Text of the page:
In the wake of Reddit’s recent modifications to its data API, the social media platform finds itself navigating through a dark period.
Over the past month, Reddit’s CEO has defended the company’s decision in interviews, leading to clashes with developers and moderators. Numerous subreddits have gone dark in protest, resulting in a wave of discontent within the community.
As the API change and rate limits took effect on July 1st, Reddit is bracing for a future with fewer third-party apps, increased focus on its own apps, and a low user base.
At the beginning of June, Christian Selig, the developer behind the popular Reddit client Apollo, revealed that he had spoken with Reddit management, who informed him that the new API pricing would cost his app nearly $20 million per year to operate.
Selig’s post shed light on the concerns shared by many other third-party Reddit app developers about the viability of their future endeavors.
In response, several subreddits chose to go dark between June 12 and 14, staging protests against these changes.
Meanwhile, Selig announced that he would be shutting down Apollo by the end of the month, and other apps like Reddit is Fun and Sync for Reddit followed suit.
Reddit’s CEO, Steve Huffman, conducted an intense Ask Me Anything (AMA) session on the site, defending the company’s decision by emphasizing Reddit’s profit-driven approach until profitability is achieved.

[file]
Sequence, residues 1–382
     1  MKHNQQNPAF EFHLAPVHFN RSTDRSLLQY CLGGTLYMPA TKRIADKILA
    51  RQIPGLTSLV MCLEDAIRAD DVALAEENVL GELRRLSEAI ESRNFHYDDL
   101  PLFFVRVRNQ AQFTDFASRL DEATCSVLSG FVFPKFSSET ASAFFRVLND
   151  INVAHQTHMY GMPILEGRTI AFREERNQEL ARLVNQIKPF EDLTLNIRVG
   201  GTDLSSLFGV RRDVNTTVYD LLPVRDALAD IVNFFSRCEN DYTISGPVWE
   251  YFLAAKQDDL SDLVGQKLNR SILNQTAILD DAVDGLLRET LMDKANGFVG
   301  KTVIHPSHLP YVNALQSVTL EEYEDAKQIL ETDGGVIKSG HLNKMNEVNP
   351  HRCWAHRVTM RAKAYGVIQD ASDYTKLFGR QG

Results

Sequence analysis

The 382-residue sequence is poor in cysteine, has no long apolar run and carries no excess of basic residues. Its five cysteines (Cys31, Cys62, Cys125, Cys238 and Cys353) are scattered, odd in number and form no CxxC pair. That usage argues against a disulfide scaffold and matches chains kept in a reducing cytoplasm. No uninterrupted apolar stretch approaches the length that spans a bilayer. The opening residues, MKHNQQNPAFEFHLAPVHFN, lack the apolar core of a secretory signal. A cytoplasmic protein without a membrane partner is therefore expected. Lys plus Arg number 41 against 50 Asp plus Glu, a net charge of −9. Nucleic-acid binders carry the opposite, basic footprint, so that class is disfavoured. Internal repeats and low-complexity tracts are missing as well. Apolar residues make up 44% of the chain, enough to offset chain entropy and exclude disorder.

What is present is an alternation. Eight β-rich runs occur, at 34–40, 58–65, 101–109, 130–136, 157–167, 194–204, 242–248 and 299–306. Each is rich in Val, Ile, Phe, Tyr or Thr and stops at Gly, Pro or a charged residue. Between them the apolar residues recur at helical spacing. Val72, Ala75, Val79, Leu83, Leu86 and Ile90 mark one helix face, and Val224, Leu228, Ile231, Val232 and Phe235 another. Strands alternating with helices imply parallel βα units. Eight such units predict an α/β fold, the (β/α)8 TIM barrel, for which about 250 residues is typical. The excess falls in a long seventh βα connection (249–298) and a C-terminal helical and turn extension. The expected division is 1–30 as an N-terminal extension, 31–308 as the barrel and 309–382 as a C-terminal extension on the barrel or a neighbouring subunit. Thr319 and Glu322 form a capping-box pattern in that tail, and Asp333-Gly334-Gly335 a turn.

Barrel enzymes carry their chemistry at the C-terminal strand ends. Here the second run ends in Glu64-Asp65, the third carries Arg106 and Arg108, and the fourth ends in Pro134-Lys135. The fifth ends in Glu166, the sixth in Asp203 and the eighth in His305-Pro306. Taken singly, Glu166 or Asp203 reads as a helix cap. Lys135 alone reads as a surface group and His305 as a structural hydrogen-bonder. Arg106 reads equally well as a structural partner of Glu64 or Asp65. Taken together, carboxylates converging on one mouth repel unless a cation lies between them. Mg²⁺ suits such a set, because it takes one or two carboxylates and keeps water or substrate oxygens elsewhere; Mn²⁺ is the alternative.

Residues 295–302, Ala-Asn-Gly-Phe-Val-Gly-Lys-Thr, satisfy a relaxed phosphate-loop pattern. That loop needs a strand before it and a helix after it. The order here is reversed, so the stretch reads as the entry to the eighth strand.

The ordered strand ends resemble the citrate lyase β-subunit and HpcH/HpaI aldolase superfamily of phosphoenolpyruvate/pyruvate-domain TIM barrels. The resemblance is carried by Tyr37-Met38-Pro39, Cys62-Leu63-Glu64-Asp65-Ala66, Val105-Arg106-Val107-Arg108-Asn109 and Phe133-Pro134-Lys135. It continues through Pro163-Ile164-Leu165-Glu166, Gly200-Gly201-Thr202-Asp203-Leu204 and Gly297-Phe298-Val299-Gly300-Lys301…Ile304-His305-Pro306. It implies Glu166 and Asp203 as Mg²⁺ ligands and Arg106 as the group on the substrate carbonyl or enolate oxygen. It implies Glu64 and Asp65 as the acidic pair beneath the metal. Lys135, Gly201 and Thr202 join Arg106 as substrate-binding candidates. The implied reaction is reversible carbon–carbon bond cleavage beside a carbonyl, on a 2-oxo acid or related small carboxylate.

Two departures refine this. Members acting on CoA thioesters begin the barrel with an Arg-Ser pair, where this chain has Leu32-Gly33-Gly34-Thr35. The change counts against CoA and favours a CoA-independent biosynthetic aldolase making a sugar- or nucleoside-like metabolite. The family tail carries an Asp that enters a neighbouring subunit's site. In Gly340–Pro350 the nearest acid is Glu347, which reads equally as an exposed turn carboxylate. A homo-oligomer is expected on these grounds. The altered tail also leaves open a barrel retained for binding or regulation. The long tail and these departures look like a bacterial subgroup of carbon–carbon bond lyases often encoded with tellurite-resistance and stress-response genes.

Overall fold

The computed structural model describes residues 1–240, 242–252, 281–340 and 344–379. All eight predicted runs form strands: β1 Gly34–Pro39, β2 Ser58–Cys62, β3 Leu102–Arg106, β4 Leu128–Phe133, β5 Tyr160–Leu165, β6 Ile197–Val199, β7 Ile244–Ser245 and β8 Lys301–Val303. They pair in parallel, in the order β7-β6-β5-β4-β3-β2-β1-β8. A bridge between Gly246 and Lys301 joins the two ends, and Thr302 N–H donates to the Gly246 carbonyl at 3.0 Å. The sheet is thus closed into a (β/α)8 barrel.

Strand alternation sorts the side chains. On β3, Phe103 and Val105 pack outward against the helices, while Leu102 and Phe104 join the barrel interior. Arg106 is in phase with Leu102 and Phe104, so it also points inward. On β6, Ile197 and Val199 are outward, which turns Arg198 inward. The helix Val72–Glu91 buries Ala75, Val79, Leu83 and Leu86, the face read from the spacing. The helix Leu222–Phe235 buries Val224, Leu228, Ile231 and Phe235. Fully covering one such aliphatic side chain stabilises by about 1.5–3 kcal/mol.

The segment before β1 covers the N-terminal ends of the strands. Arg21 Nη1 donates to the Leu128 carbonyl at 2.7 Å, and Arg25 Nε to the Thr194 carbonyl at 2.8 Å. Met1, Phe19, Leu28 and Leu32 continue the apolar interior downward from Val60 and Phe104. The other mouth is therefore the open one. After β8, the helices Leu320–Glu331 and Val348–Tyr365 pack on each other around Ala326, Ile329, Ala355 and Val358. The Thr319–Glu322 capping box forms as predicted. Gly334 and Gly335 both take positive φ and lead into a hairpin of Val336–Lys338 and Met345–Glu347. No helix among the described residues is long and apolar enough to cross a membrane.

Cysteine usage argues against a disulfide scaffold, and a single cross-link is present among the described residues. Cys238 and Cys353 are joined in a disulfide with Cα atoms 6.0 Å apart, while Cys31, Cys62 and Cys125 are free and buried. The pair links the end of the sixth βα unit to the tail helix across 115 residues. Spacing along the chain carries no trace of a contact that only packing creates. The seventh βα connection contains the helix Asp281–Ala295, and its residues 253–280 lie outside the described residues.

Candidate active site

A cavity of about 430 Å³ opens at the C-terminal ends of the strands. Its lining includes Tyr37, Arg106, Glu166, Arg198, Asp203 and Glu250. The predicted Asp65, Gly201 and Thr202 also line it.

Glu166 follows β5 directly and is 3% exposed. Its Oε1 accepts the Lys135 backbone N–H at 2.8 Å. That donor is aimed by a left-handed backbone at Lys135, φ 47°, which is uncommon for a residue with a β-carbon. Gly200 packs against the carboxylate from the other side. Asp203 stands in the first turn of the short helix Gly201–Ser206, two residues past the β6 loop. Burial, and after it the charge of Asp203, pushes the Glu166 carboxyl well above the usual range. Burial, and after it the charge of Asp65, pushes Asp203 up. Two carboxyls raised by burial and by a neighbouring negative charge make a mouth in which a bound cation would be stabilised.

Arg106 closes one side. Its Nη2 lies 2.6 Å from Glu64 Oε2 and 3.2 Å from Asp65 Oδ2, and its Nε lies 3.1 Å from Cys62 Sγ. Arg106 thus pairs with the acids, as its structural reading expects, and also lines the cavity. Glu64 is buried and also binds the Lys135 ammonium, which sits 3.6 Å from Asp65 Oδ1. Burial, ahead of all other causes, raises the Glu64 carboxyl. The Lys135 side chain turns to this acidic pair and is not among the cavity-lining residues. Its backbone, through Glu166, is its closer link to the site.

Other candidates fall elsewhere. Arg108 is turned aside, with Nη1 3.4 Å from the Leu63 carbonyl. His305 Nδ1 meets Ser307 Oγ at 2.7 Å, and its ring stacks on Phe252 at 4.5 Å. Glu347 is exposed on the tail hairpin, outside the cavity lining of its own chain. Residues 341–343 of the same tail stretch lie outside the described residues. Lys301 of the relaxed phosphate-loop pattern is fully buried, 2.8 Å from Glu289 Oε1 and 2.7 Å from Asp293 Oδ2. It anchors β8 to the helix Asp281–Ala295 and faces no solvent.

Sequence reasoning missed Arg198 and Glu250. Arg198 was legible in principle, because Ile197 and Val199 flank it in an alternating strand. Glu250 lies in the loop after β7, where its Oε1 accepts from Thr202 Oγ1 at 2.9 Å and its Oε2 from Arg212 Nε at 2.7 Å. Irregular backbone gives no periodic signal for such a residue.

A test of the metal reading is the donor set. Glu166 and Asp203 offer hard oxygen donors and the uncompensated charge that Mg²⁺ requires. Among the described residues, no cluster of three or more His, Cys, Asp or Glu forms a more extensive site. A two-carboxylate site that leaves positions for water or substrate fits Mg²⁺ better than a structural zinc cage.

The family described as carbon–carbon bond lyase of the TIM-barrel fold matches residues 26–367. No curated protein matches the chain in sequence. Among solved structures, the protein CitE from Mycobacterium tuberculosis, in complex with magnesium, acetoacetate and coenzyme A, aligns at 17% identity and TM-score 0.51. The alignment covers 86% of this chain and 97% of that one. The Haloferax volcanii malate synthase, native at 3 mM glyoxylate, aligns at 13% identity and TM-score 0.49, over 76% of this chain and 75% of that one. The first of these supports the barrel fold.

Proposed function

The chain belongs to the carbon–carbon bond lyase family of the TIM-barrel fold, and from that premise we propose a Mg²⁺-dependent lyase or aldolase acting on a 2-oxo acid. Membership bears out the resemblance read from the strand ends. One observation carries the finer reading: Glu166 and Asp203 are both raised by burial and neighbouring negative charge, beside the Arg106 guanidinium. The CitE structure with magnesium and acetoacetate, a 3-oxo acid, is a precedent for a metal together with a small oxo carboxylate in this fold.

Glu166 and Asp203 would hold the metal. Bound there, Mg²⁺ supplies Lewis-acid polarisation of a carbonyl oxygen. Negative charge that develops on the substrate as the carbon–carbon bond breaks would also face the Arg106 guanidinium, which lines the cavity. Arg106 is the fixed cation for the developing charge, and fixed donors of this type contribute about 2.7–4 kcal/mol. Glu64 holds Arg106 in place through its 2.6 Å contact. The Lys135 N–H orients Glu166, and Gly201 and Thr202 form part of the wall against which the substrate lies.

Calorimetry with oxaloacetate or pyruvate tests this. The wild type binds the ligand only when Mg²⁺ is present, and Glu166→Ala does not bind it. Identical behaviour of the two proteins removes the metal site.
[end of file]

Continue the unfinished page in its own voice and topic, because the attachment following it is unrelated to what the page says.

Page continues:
Huffman also launched an attack on Selig, referring to protesting moderators as the “landed gentry” and discussing the potential redefinition of moderator rules to enable community voting for their removal.
Additionally, Huffman expressed his frustration at the $10 million annual infrastructure cost borne by Reddit compared to the profits made by third-party developers.
While the June 12-14 blackout did impact site traffic and even affected Google search results, the company maintained that it had not experienced any revenue loss.
Consequently, some subreddits extended their blackout, with communities allowing their members to decide the future course of action.
As Reddit admins threatened moderators to reopen subreddits, these communities devised alternative forms of protest, such as sharing images of John Oliver, implementing blackout days, and shifting the community’s focus.
While apps like RedReader, Dystopia, and Luna were exempted from API changes due to their accessibility features, moderators pointed out that these apps might lack adequate moderator tools.1